On December 27, 2016, the U.S. Fish and Wildlife Service (FWS or the Service) issued the final Endangered Species Act (ESA) Compensatory Mitigation Policy (the Policy).  81 FR 95316.  The Policy is the first comprehensive treatment of compensatory mitigation under ESA authority to be issued by the FWS following previous piece-meal and disjointed policies.

Continue Reading Fish and Wildlife Service Issues First Comprehensive Compensatory Mitigation Policy

Applying Chevron deference, the U.S. Court of Appeals for the Second Circuit on January 18, 2017, reversed the Southern District of New York by a 2-1 margin and concluded that the United States Environmental Protection Agency’s (the “EPA”) Water Transfers Rule that permits transfers between waters of the United States without a National Pollutant Discharge Elimination System (“NPDES”) permit was sound.  (Catskill Mountains Chapter of Trout Unlimited, Inc. et al. v. USEPA, et al., U.S. Court of Appeals, Second Circuit, Docket Nos. 14-1823, 14-1909, 14-1991, 14-1997, 14-2003, 2017 U.S. App. LEXIS 914). The controversy stemmed from the transfer of water from the Schoharie Reservoir through the Shandaken Tunnel into the Esopus Creek in New York.  Historically, the EPA has taken a hands-off approach to water transfers, choosing not to subject them to the requirements of the NPDES permitting program established by the Clean Water Act (“CWA”) in 1972.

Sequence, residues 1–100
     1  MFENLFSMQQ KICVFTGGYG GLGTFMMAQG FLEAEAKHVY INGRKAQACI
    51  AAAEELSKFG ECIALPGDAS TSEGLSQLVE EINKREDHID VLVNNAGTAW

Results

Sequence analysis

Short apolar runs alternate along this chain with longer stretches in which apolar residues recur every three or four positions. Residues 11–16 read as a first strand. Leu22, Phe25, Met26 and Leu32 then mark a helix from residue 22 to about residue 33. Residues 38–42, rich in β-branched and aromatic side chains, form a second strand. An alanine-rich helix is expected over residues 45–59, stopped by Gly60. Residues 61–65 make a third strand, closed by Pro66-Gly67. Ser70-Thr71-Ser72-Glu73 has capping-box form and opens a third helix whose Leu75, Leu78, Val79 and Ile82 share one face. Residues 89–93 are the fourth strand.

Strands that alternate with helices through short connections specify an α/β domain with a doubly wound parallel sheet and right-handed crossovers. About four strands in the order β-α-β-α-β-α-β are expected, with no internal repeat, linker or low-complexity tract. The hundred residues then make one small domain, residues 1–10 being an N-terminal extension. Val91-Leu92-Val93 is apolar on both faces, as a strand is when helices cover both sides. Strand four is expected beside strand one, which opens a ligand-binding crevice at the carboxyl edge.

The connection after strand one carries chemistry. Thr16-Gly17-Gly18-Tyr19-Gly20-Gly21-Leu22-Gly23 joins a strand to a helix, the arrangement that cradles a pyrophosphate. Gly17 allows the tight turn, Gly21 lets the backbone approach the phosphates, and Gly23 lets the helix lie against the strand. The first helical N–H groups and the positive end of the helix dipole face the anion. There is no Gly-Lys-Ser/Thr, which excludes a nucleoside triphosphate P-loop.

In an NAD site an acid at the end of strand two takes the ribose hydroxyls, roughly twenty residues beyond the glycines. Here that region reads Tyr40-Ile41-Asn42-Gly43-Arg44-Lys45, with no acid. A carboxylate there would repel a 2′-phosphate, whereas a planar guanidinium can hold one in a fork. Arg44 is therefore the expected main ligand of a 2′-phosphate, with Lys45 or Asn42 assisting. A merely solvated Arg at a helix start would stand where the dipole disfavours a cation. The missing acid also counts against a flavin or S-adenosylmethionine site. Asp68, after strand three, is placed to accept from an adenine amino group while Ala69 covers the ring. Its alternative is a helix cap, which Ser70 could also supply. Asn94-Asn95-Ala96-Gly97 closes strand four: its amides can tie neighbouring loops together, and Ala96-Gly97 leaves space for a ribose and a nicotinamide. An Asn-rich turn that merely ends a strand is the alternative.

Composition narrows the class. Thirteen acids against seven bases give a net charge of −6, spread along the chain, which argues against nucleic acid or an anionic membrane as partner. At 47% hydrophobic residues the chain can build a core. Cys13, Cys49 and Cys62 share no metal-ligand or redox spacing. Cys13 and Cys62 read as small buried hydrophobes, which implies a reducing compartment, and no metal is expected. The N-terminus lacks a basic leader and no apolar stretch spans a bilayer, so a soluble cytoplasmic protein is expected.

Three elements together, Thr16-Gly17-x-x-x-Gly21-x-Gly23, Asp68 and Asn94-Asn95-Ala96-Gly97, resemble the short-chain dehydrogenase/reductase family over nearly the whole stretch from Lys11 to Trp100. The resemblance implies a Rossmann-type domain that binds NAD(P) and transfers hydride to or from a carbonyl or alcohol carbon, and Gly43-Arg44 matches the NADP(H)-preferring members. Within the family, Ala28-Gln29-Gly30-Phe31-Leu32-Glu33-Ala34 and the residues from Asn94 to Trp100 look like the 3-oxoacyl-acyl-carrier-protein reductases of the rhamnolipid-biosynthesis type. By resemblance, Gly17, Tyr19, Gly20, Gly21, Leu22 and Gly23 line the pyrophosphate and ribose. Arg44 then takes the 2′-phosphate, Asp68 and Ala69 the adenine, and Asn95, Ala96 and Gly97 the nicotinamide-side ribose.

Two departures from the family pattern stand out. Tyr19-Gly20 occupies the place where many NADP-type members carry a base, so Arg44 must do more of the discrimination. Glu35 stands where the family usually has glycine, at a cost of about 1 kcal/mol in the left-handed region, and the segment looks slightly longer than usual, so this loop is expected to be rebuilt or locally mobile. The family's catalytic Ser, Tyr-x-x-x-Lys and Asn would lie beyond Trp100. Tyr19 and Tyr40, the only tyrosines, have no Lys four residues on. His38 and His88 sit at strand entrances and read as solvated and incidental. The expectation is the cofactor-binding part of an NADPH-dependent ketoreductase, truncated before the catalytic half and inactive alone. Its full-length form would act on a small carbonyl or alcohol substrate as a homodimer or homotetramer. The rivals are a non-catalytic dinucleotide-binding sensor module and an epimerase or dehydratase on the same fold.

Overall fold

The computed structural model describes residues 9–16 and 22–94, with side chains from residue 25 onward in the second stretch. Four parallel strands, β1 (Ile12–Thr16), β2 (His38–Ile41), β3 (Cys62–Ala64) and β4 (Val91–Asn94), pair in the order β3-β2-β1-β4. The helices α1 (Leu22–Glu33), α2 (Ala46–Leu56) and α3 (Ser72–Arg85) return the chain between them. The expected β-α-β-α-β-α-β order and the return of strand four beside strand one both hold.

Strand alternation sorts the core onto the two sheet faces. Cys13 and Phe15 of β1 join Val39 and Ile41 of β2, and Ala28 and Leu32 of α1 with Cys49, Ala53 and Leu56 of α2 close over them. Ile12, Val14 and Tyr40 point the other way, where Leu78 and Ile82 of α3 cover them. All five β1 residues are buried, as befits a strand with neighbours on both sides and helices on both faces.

Continue Reading Second Circuit Gives Thumbs Up To EPA Water Transfers Rule